Newspaper article Manchester Evening News

Acclaimed One Woman Show Which Puts Us in the Mind of a Chimp ; Award-Winning Adaptation of a Kafka Short Story about an Ape Forced to Live as a Human Is the Latest Theatre to Come to Home

Newspaper article Manchester Evening News

Acclaimed One Woman Show Which Puts Us in the Mind of a Chimp ; Award-Winning Adaptation of a Kafka Short Story about an Ape Forced to Live as a Human Is the Latest Theatre to Come to Home

Article excerpt

IT is almost a century since author Franz Kafka wrote A Report To An Academy - a short story in which a chimpanzee christened Red Peter is shot and captured in his African homeland, shipped to Europe and compelled to transform into a humanesque intellectual to survive.

Kafka - born into a Jewish family in Austro-Hungarian (now the Czech Republic) - faced prejudice through his own life because of his religious heritage, and almost 100 years on actress Kathryn Hunter says the undercurrents of racism and assimilation are louder than ever.

"One metaphor is the apes as the other - as an immigrant from another world," she explains.

"There's a cost for the immigrants who try to assimilate into another culture.

"As Red Peter says at the beginning of the play - 'in order to become one of you, I had to forget my past'.

"Kafka's family tried to assimilate as much as they could into the German culture.

"He ignored his Jewishness, and only gradually realised there were extraordinary things about it he wanted to embrace."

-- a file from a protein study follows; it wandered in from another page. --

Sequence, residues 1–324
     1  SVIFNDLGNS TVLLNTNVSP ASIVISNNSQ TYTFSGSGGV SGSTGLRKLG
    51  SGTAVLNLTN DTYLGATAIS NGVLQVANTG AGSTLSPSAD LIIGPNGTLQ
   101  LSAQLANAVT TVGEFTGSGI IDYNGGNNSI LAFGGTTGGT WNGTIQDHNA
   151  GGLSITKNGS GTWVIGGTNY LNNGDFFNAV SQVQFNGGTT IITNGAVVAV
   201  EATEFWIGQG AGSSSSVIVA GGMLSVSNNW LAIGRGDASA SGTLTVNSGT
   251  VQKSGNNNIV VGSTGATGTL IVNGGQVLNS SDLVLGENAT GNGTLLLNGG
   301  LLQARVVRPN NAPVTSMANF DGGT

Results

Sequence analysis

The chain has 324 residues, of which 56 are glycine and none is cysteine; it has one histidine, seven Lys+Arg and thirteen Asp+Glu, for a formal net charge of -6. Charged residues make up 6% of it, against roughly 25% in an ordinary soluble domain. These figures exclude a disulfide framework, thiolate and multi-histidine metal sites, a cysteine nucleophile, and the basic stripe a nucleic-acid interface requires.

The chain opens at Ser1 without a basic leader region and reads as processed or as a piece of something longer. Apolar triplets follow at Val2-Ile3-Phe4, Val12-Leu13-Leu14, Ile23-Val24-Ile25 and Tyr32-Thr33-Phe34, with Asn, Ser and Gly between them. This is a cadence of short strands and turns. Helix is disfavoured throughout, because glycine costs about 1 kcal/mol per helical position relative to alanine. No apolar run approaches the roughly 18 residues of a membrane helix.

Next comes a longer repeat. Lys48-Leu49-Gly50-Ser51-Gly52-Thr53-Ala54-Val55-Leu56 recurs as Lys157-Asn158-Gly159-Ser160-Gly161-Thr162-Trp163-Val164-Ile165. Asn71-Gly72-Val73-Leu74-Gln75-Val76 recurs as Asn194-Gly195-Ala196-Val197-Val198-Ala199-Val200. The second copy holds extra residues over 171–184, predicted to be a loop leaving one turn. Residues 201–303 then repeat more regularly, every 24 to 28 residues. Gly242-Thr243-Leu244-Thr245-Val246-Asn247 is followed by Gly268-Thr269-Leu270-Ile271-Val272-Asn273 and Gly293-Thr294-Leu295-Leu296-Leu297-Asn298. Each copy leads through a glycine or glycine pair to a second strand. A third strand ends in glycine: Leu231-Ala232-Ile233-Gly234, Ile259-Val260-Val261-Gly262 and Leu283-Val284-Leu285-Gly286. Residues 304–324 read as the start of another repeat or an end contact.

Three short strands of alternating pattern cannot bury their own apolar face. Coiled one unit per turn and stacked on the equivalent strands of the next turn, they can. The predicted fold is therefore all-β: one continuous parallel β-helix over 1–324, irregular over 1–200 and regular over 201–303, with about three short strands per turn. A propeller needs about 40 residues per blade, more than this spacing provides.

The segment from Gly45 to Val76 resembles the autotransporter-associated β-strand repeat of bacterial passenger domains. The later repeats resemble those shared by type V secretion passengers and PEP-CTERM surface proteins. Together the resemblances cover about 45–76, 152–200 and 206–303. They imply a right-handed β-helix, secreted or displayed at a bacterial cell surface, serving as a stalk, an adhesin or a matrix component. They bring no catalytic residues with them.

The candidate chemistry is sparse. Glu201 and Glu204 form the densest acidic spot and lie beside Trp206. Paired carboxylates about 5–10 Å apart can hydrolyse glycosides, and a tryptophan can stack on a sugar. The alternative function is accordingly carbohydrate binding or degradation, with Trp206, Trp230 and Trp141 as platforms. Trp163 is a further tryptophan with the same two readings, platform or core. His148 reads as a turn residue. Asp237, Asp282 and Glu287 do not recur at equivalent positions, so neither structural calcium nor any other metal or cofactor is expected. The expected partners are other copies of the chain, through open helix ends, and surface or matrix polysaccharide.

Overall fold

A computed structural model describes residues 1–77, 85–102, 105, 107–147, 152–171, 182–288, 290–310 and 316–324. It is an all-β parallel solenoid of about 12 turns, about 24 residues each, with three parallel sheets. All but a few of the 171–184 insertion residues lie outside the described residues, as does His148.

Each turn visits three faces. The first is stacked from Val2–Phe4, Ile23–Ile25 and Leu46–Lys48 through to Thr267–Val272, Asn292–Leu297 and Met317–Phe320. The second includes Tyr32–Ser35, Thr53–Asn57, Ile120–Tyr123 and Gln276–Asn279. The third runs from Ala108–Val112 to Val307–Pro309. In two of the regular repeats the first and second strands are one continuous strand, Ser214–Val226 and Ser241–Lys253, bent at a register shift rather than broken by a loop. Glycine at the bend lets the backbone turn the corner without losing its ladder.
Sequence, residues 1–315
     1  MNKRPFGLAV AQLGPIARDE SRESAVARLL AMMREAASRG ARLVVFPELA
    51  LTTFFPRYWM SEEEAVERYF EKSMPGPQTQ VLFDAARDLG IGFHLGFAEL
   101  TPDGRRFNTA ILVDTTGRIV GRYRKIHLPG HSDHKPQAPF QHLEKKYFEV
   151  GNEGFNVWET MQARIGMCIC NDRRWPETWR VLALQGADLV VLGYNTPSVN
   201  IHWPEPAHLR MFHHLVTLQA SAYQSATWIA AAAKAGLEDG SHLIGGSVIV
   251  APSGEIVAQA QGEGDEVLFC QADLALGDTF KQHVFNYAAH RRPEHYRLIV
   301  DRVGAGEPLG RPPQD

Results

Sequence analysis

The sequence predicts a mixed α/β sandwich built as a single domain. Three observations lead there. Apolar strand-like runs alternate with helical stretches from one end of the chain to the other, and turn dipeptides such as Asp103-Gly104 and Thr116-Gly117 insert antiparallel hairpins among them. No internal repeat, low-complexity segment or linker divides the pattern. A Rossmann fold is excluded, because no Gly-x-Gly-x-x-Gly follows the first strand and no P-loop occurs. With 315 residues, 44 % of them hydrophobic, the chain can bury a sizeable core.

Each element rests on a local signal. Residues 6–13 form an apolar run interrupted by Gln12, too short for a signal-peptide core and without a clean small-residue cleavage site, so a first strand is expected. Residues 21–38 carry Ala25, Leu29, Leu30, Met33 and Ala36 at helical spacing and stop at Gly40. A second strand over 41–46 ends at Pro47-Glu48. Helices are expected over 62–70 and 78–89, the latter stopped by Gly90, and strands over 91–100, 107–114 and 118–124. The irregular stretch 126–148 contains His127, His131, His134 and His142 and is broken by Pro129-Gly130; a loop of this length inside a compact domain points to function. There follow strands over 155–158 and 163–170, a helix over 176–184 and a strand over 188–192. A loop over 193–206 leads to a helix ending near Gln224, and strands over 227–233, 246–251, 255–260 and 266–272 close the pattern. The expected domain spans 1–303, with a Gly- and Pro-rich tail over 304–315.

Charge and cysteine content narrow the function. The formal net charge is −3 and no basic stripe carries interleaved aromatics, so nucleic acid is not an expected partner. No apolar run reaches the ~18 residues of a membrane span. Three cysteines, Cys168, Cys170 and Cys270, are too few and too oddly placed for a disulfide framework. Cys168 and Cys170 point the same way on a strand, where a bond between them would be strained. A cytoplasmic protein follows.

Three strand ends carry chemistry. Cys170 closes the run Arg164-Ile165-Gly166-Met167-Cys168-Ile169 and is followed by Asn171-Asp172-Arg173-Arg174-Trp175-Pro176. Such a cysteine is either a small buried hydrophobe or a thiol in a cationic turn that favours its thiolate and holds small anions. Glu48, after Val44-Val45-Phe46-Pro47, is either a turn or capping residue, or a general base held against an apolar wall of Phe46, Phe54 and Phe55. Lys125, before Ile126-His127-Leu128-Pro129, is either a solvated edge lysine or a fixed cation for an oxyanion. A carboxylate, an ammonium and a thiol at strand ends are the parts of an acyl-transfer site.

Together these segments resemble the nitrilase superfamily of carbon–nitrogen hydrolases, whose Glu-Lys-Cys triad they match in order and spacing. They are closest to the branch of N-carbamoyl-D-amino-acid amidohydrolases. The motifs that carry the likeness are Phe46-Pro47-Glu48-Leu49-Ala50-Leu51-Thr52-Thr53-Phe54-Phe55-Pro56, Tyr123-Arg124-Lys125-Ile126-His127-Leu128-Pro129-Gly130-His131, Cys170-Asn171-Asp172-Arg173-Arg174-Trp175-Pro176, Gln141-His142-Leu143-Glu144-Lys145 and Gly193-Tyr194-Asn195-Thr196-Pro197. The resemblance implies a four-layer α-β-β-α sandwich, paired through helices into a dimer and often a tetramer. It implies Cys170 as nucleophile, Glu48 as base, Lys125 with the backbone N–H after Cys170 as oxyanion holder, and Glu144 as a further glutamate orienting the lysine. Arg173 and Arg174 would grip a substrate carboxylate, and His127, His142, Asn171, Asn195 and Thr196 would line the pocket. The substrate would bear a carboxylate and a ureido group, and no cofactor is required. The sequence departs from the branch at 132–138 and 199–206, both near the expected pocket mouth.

Kathryn read the original story as a teenager and was immediately fascinated by its perspective - pitched from the point of view of an animal.

"Then I forgot about it for a long time, and I was performing in Peter Brook's Fragments at the Young Vic in Rockaby, and Walter (Meierjohann, HOME's artistic director for theatre) saw me.

"He said, 'I have a proposition, I hope you won't be offended... Would you like to play a chimpanzee?'," Kathryn laughs.

"I didn't know Walter but I go on instinct, and he was so passionate it.

"Kafka does this wonderful: what if another species could speak to us, what would they say? "That is intellectually and philosophically an amazing proposition.

"What I find beautiful is, of course, there's lots of pain and rage in the chimpanzee, but unlike in Planet Of The Apes where all the chimpanzees take their revenge on human kind, this chimpanzee has compassion for humanity; he makes his report on what it's like to come into the human world, but at the end I find that Kafka is not full of hate but wonder at the human race. …

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